Ramsay MacMullen, The Earliest Romans: A Character Sketch. Ann Arbor: University of Michigan Press, 2011. Pp. xi + 193. Hardcover, $65.00. ISBN 978-0-472-11798-7.
Reviewed by Gary D. Farney, Rutgers University (Newark)
This short work (126 pages of preface and main-text), by a well-known and prolific scholar of the ancient Mediterranean world, proposes to tell the story of the early Romans—a task made all the more difficult by the lack of trustworthy historical information. MacMullen proposes to do this, rather uniquely, by breaking down the Roman personality into (what he feels are) four defining, salient features: conservative, tolerant, aggressive and practical. By doing so, he invokes the spirit, if not the method, of “the first real genius in what we would now call sociopolitical studies, Alexis de Tocqueville” (viii), who was an eye-witness to the United States of the Jacksonian era (i.e. the 1820s and 1830s). The book is divided into two halves, Part 1 to 509 BC, and Part 2 from 509 to 264, each with four chapters on the elements of the Roman personality noted above; a concluding “Wrap Up” finishes the book, followed by 40+ pages of endnotes and another 20+ of up-to-date bibliography.[]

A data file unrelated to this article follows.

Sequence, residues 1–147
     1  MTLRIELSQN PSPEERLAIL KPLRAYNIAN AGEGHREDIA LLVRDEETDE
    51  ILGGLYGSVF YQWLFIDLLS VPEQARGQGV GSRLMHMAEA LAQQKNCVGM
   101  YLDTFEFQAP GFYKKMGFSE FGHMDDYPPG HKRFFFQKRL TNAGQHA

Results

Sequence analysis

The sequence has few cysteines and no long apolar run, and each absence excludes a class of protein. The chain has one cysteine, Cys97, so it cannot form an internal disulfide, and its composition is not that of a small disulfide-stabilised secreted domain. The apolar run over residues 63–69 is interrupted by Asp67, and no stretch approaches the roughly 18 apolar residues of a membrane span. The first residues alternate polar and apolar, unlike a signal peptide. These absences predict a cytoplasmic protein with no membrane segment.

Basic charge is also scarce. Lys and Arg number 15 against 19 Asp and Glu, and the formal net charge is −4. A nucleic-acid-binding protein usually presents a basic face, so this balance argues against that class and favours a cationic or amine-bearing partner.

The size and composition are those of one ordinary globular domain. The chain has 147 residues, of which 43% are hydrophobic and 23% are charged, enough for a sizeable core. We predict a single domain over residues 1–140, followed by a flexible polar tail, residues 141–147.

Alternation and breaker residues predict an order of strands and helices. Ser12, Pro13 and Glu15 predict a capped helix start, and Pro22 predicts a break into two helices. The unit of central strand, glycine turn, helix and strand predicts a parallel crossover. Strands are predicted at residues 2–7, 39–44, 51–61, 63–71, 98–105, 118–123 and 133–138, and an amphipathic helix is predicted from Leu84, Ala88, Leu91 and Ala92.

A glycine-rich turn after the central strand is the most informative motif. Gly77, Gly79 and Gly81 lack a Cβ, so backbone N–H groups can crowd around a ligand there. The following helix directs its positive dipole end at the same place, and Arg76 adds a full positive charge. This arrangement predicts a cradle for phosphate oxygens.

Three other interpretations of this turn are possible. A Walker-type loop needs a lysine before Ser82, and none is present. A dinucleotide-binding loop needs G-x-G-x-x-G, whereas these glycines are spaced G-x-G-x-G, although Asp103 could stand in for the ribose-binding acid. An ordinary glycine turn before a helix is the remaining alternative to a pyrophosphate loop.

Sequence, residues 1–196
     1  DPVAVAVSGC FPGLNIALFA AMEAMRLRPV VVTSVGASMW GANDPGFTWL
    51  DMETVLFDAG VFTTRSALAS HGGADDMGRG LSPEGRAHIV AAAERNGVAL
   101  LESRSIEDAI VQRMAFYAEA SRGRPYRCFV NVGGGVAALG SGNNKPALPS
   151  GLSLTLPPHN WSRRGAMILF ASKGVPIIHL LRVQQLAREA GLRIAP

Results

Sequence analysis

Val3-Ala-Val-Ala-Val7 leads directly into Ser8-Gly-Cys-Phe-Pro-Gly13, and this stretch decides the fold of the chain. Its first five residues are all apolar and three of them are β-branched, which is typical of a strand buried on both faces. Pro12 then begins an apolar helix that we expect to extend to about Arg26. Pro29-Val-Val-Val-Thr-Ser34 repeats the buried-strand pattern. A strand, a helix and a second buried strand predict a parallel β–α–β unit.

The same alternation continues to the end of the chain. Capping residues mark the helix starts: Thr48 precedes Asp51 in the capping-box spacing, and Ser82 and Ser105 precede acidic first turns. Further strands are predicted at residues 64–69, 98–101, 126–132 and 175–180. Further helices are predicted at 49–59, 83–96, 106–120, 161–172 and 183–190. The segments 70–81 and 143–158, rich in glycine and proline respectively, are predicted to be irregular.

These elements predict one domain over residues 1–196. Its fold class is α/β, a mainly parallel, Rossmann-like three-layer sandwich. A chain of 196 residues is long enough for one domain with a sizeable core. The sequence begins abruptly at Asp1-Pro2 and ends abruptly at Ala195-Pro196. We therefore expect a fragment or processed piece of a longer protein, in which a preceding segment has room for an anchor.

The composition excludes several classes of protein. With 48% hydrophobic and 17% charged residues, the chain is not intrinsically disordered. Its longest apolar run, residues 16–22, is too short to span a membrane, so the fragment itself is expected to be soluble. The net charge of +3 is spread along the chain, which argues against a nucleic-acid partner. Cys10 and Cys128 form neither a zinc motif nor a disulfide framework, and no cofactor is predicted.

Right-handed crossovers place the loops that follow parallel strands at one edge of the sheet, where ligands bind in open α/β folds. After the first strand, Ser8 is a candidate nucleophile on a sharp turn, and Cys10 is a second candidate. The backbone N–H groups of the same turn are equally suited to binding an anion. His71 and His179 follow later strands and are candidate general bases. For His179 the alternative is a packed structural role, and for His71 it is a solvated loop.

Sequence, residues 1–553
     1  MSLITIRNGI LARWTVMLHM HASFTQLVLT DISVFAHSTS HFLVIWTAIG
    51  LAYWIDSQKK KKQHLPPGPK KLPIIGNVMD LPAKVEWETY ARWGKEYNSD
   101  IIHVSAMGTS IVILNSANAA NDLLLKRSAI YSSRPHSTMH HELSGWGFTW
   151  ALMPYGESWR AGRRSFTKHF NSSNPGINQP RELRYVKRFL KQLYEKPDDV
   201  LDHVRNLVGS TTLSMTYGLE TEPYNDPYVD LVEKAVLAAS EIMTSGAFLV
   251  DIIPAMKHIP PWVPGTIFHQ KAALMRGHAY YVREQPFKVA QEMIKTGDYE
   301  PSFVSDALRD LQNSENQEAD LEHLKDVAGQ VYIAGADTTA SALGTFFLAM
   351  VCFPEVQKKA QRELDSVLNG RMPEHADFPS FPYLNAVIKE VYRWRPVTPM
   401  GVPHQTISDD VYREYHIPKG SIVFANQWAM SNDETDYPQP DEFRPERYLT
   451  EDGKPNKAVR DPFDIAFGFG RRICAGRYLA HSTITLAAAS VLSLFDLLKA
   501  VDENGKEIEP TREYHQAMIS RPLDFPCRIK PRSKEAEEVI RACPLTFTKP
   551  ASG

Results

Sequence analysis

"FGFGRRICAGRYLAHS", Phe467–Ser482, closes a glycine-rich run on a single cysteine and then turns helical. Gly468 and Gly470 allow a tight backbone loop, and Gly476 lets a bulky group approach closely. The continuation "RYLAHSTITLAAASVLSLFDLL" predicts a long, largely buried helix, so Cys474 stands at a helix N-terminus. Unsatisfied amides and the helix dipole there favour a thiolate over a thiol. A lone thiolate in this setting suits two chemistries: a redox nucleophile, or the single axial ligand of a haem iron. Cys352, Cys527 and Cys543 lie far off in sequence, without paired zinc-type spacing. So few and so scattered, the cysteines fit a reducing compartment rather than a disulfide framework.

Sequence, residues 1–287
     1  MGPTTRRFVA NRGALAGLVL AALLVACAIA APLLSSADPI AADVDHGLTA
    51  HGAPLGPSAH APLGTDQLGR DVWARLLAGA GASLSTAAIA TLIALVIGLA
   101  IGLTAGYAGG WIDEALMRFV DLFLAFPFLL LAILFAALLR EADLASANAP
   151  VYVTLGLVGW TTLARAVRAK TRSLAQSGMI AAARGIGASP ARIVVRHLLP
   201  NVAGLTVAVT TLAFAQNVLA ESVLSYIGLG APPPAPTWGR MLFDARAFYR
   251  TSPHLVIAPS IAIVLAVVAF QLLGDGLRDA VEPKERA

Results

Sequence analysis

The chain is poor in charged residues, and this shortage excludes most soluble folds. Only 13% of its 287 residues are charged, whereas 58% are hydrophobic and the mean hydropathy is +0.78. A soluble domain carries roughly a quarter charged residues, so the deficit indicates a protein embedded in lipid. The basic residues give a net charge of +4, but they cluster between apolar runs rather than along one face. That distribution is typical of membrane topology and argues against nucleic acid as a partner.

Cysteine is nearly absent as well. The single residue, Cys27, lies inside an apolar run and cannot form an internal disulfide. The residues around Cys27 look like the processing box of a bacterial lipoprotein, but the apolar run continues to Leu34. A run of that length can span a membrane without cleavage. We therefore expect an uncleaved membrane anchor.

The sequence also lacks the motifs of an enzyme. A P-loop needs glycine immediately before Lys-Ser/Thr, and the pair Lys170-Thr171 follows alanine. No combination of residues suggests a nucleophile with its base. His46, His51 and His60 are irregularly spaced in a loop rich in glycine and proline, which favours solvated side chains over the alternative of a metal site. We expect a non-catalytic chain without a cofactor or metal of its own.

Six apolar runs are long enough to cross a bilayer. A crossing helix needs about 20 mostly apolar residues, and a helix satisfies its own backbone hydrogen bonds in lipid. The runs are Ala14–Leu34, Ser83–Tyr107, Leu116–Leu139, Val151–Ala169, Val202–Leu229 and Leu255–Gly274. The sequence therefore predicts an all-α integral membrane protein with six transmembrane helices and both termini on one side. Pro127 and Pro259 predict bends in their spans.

MacMullen admits from the beginning that he is from the more skeptical school of thought about the trustworthiness of the written historical sources, and indeed invokes archaeological and topographical evidence to support his analyses quite frequently. I myself admit a great deal of sympathy toward this school of thought. For example, he rightly throws up his hands about the nature of the early Roman military (at 53: “Before the fifth century all that can be said with certainty is what is too obvious: the Roman army consisted of infantry and cavalry …”). But he also has an excellent, critical analysis of early Roman armor, weapons and fighting-style (103–4). Furthermore, he correctly questions the census figures for early Rome, though, importantly, not the census itself (p. 101–2).
Unfortunately, this does not prevent MacMullen from following the historical tradition in main at points, even when there is no supporting material evidence. This is a trap that many “skeptics” have fallen into: decrying the uncritical use of the written source material without ever explicating a methodology for when and how one ought to approach information only carried in literary sources like (say) Livy. For example, MacMullen accepts not only that the story of the immigration of the first Claudius and his retinue to Rome right after the beginning of the Republic to be more or less true (based solely on literary sources, which are not united in their details[]), but that it must mean that Rome already possessed ager publicus by that point in their history to be distributed to these proto-Claudii (48–9). There is also his acceptance of the so-called “Struggle of the Orders,” also only known from our literary sources (70–5 and 98ff.; at 98: “These success were won without bloodshed or other great risks … and, since the tribunate and assembly are fixtures in subsequent history and their origin is not placed in any other moment, the outline of these events may be accepted as fact.”).